Six signs that could indicate bad health
You might have: Caffeine overload
Background: Caffeine works by stimulating the central nervous system. Specifically, the chemical gooses the adrenal glands into releasing hormones (cortisol and adrenaline) that tell the body to go faster. The short-term result can be increased focus and better hand-eye coordination. But overdo caffeine on a regular basis and, eventually, the central nervous system runs out of gas.
What to do: Try limiting your daily dose of caffeine to less than 300 mg. As a reference, a 350ml cup of filter coffee packs 260 mg of caffeine, while the same amount of green tea only has 50 mg. Also, fuel up on healthy, whole foods that boost and maintain your energy.
Other signals: Jitters, agitation, insomnia, heartbeat irregularities, frequent urination
#2: Chapped lips
You might have: Dehydration
Background: Lips are a reflection of the health and hydration of the entire body. If you're constantly using lip balm to sooth chapped lips, it’s a sign you need to drink up.
What to do: Drinking eight glasses of water a day can be intimidating, so if you’re not able to quaff that amount, you can still hydrate yourself by sipping herbal tea and eating more whole fruits and vegetables. Your best bet: Foods that are rich in essential fatty acids, such as nuts and seeds, avocados and salmon, which help maintain healthy cell membranes and hold in moisture.
Other signals: Headaches, infrequent urination, dark yellow or smelly urine, dry skin
#3: Itchy ears and throat
You might have: Candida overgrowth
Background: Candida albicans is a common yeast-like fungus living in the gut. A small amount is fine when its numbers are kept in check by healthy flora, but when an intestinal imbalance allows it to run amok, it acts like kudzu, colonizing everything in its path. Among its favourite environs are the body’s warm, dark nooks and crannies, such as between the toes, under the breasts and, yes, in the ears.
What to do: If you think you have candida overgrowth, the quickest fix is to starve the little buggers. Candida flourish in the presence of both refined and unrefined sugar, such as fresh fruit, dried fruit, and fruit juice. Cutting off their food supply can bring their numbers back to a healthy level.
#4: Frequent colds
You might have: Low levels of good gut flora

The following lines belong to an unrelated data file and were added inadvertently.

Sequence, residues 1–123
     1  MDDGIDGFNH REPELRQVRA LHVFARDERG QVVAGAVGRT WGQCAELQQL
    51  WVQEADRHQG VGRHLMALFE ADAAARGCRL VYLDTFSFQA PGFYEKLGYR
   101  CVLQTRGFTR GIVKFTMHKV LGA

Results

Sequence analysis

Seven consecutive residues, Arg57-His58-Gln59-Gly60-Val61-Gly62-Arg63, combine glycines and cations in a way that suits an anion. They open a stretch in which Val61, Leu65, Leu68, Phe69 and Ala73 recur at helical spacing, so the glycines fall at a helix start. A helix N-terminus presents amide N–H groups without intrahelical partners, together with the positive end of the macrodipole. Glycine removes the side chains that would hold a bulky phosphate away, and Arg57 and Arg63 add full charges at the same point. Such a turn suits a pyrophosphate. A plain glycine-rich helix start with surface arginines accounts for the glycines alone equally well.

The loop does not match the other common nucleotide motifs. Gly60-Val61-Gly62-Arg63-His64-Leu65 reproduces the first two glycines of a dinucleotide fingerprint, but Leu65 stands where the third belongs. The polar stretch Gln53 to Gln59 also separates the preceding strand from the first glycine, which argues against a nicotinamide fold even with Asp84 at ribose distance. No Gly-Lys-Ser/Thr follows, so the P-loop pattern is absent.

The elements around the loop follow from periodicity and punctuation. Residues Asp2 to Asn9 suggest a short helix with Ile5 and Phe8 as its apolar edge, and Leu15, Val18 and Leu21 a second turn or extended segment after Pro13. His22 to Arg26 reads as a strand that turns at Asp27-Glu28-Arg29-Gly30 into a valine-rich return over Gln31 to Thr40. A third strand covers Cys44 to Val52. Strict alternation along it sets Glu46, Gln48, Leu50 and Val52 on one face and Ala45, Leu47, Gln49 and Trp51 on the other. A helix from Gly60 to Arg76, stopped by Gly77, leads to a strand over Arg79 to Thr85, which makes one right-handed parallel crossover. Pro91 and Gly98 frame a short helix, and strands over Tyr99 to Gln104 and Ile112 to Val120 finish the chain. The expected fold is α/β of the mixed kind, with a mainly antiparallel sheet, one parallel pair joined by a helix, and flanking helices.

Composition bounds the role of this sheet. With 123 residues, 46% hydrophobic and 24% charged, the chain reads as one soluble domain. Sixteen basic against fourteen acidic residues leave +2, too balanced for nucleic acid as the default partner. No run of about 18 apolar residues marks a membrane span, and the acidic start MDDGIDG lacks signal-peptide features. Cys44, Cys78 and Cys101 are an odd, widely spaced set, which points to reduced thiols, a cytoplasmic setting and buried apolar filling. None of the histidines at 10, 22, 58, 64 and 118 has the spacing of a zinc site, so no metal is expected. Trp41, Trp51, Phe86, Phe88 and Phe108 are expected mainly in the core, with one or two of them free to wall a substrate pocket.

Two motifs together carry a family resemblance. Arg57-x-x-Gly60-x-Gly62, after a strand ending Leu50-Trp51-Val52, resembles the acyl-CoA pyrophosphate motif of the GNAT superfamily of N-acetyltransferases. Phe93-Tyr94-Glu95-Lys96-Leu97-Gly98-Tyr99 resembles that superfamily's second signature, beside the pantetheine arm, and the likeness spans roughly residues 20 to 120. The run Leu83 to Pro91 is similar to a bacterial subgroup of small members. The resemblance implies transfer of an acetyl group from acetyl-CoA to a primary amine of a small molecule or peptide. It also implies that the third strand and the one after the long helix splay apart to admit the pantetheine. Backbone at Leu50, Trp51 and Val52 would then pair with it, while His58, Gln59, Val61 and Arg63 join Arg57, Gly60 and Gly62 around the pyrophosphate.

The immune system
’s command centre is housed inside the gut. “An ecological imbalance of organisms in the gut means the body can’t defend itself against unfriendly microbes,” says Kathie Swift, well-known American nutritionist. “The result is we get sick a lot.” Ironically, it’s often medicine, such as antibiotics, that wipe out the gut’s supply of good bacteria.
What to do: One of the easiest (and most delicious) ways to restore the gut’s healthy flora is to eat more foods rich in good bacteria, such as miso, sauerkraut, kombucha (a fermented Japanese tea), yogurt that contains live bacteria, and kefir (a fermented milk drink).
Intestinal gas, bloating, loose stools or constipation
, vaginal yeast infections, urinary tract infections, skin rash, athlete’s foot, nail fungus
You might have: Fibre deficiency
Background: “Our hunter-gatherer ancestors ate up to 100 g of fibre a day and had an average stool weight of 2 pounds,” says Mark Hyman, physician and New York Times best-selling author. “Today the average American eats less than 8 g of fibre a day, and the average bowel movement is a puny 4 ounces.” That’s a problem, he says, because the bowels are key to the body’s elimination process. When traffic is backed up, toxins from the bowel leach back into the body and can cause a multitude of inflammation-based health problems in everything from your digestion and skin to your heart and brain.
What to do: Eat more legumes, vegetables, fruits and whole grains. All are chock-full of fibre and other nutrients, making them natural go-to foods for getting the recommended 35 g to 40 g of fibre a day.
Other signals: Frequent hunger pangs, energy slumps, digestive trouble, skin problems, inflammatory conditions
#6: Cracks at the corners of the mouth
You might have: Vitamin B deficiency
Background: “You see nutritional deficiencies first in those tissues that turn over the quickest, such as the tongue and lips,” says Elizabeth Lipski, American clinical nutritionist. Studies show that cracks or sores that appear at the corners of the mouth may be a sign that your body isn’t getting enough B vitamins.
What to do: Your best bet is eating a whole-foods diet and prioritizing foods high in B vitamins. The richest dietary source of B vitamins is found in brewer’s yeast or nutritional yeast, but other solid picks include wheat germ, whole grains, legumes, egg yolks, sweet potatoes, salmon, red meat, liver, and poultry.
Anaemia, low energy, fatigue
, skin problems, dark circles under the eyes
If you suffer one or more of these symptoms, it may be a good idea to chat to your doctor as soon as possible.